Cross collateralisation is a lending strategy used by some homeowners to help them start or grow their property portfolio. In theory, implementing a cross collateralisation strategy makes a lot of sense, and it’s convenient too: basically, you use the equity you have in one property to secure finance for another.
This strategy usually means you’ll use two or more properties as security for one loan, but the upside is that it allows you to purchase another property and continue to grow your wealth.
However, the way in which you set up your cross-collateralised structure will determine how far you can grow your portfolio. A poorly planned cross collateralisation strategy may put a handbrake on future lending and quickly derail your growth plans. A carefully planned strategy can reap some great rewards and help you reach your goals faster.
What is cross collateralisation?
Cross collateralisation happens when more than one property is used to secure a loan. For example, let’s say you own some or all of your home (your Primary Place Of Residence, or “PPOR”), and you use some of its equity as a deposit for your first investment property.
This means that you have two properties involved as ‘security’ in the mortgage for your investment property:
- part of your PPOR, and
- the investment property you’re purchasing.
There are more complex examples of cross collateralisation, involving multiple loans and different loan types, however the scenario described above is one of the most common.
What are the benefits of cross collateralisation?
Basic cross collateralisation gives homeowners the ability to buy an investment property without having to provide a cash deposit.
Two other key benefits include:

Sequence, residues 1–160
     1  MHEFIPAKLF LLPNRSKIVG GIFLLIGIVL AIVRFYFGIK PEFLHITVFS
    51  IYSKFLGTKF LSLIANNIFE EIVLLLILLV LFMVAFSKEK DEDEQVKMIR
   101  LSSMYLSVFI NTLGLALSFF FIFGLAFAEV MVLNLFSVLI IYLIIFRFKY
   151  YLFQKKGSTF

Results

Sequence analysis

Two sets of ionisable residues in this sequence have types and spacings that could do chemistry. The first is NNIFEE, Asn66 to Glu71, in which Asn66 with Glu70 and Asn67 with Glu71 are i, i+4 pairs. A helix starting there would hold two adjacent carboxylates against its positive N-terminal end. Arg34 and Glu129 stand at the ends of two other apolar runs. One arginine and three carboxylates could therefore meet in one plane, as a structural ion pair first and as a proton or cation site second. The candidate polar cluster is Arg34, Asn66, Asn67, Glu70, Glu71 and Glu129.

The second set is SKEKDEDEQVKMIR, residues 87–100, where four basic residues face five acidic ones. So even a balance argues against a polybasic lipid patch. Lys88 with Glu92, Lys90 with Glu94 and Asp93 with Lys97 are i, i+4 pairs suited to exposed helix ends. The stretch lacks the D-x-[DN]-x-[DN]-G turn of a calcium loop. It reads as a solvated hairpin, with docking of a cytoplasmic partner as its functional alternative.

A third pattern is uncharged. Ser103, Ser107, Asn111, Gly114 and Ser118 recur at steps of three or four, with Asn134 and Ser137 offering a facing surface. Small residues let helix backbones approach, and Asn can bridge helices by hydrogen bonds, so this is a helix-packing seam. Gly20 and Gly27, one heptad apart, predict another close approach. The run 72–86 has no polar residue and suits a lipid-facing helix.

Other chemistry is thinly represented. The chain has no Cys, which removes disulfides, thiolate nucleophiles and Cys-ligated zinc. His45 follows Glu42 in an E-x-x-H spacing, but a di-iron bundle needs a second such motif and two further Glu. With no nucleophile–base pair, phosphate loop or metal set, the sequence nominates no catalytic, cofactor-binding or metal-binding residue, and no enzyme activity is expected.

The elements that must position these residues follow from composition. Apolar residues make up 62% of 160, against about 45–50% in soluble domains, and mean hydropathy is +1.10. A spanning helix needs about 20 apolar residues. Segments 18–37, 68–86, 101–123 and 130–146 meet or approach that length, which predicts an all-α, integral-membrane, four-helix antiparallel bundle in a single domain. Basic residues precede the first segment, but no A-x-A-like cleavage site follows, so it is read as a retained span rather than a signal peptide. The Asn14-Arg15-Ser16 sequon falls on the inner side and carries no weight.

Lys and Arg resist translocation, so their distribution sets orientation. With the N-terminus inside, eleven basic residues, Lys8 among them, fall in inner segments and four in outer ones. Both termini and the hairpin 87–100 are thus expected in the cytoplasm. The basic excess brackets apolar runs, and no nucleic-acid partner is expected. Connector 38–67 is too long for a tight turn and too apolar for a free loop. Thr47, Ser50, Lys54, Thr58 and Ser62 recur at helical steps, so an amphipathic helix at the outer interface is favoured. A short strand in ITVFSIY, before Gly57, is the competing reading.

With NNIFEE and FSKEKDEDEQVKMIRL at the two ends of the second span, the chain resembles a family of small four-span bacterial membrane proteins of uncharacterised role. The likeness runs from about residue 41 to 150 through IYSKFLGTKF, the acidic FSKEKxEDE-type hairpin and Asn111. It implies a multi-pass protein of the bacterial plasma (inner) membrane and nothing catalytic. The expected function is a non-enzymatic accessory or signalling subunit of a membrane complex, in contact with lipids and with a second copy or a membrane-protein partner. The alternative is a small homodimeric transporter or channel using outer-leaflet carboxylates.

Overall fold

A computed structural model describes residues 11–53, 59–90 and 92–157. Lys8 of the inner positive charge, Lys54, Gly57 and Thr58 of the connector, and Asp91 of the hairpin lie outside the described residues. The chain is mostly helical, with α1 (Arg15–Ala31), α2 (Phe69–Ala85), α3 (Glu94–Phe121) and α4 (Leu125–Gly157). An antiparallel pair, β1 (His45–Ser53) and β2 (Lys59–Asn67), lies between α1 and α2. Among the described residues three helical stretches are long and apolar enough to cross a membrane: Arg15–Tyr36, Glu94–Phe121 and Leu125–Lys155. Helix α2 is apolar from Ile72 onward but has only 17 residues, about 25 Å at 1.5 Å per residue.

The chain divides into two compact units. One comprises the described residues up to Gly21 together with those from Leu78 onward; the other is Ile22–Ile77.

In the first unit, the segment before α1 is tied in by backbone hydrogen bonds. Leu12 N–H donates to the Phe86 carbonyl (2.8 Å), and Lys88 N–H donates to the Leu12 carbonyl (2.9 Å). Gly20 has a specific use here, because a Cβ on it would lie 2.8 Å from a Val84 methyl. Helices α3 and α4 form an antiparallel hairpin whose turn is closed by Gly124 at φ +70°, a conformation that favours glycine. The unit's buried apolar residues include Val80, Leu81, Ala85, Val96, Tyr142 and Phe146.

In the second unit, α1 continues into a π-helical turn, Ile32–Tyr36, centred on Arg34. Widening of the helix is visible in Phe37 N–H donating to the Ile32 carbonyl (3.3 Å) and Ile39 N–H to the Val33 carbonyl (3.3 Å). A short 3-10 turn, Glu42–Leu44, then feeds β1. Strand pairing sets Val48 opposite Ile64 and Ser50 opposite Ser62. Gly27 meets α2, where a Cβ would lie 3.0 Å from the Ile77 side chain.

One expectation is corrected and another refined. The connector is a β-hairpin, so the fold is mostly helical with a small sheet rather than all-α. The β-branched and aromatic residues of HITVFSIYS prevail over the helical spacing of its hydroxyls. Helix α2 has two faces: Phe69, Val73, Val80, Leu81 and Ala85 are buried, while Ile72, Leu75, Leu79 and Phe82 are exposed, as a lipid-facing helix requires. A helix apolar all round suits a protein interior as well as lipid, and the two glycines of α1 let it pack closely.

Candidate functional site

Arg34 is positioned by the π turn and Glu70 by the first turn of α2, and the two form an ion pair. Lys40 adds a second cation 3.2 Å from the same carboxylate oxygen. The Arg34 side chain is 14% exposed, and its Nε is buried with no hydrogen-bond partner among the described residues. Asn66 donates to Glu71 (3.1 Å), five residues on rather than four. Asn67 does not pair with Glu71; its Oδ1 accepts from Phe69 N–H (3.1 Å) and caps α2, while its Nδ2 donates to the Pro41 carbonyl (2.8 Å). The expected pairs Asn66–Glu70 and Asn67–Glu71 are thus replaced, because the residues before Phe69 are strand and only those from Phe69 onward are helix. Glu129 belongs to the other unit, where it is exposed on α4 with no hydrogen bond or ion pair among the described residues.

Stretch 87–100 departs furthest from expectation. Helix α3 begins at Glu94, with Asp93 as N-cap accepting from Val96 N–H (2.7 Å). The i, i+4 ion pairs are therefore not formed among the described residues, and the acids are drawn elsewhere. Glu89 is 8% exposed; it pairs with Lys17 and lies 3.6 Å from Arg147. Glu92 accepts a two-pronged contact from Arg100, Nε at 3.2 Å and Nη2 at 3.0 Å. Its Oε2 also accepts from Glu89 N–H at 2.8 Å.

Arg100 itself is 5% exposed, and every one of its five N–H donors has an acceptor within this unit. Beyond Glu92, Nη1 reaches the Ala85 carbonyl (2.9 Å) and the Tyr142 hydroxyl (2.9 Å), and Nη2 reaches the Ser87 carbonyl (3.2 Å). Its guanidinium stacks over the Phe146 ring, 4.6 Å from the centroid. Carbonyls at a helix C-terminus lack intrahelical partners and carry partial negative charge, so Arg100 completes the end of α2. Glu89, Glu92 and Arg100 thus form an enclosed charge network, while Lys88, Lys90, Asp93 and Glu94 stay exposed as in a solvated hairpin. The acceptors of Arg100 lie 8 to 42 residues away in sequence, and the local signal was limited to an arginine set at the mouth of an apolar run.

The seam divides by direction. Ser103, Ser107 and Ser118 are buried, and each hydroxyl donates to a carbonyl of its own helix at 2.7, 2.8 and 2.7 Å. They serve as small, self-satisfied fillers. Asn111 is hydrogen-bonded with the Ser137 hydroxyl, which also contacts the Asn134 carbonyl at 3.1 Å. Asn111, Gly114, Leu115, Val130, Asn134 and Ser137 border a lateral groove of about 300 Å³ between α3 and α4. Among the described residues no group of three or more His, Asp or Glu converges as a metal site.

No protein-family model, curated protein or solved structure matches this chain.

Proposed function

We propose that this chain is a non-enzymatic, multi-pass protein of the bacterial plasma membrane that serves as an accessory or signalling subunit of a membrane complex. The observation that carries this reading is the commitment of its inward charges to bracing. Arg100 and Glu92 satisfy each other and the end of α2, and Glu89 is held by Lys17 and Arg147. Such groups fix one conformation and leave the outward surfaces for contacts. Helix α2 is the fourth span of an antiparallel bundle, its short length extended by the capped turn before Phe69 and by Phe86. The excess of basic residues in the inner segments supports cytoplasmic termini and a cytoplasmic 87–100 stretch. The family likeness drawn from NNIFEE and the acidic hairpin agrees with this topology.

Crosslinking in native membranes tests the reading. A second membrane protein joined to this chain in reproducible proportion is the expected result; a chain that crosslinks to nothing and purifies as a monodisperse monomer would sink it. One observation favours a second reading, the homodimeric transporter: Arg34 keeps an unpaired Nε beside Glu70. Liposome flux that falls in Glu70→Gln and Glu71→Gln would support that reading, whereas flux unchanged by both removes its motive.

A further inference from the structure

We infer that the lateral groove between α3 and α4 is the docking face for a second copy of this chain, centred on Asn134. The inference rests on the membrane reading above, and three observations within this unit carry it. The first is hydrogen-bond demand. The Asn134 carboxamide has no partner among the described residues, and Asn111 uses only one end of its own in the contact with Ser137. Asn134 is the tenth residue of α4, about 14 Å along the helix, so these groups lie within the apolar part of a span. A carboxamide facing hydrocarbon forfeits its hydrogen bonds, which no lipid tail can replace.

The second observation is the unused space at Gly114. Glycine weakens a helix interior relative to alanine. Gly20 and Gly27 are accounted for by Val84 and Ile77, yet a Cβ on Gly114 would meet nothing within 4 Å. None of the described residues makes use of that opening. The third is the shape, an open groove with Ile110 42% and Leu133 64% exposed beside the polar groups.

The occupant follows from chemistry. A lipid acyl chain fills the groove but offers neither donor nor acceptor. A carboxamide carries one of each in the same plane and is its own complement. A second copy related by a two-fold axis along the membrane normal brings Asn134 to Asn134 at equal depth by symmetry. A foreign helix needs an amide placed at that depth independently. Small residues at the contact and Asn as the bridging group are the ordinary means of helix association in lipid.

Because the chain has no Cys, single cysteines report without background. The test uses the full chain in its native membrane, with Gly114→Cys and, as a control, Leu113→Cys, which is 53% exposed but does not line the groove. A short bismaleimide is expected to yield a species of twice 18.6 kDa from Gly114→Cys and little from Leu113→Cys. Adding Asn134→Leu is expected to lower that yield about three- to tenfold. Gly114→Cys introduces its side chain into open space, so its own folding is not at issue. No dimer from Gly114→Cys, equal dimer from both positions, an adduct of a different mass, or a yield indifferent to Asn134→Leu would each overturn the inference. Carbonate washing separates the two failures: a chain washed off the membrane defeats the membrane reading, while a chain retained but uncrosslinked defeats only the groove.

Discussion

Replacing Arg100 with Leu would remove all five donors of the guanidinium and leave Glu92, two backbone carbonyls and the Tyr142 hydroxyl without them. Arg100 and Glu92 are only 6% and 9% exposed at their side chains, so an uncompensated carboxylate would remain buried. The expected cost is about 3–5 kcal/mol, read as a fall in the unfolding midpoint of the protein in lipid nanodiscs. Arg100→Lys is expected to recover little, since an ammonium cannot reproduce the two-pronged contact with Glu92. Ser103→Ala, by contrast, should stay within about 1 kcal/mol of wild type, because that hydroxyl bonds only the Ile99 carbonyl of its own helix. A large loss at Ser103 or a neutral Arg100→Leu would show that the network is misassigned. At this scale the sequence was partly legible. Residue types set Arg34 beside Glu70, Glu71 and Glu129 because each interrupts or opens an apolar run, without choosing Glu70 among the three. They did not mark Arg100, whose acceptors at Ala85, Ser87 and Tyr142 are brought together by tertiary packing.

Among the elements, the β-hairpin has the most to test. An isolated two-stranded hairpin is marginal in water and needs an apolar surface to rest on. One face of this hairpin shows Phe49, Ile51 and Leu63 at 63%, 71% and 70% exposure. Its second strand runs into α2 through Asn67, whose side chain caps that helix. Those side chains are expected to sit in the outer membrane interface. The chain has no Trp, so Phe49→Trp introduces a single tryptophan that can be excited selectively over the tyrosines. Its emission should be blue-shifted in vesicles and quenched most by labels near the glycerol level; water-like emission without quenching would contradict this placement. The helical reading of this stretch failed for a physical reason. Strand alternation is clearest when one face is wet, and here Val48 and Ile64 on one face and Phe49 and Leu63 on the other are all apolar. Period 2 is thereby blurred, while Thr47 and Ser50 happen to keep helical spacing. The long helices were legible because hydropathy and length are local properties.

- Saving tax. The nature of cross collateralisation means that investors may be able to borrow 100% of the value of the property (instead of forking out a 20% cash deposit and borrowing the rest), which means that your purchase could be 100% tax deductible, instead of 80%. Please note, this isn’t tax advice and may not be relevant or applicable to your unique situation. Speak to your accountant for more information.
- Lower interest rates. Depending on your borrower and a few other conditions, you may be able to access owner-occupied interest rates for your investment property (due to the connection created by your cross-collateralisation).
What’s not-so-good about cross collateralisation?
At face value, cross collateralisation seems like a beneficial strategy. However, there are some downsides, such as:
- You may hit a lending ceiling. Many cross-collateralised lending environments involve one lender only. This means investors may be restricted by borrowing limits. Lenders don’t want you to borrow too much.
- Your bank may gain significant control over both properties. Depending on the nature of your cross collateralisation strategy, your lender may require that proceeds from the sale of a property be used to reduce loan balances within a cross-collateralised portfolio, instead of providing you with the profits/funds for discretionary use.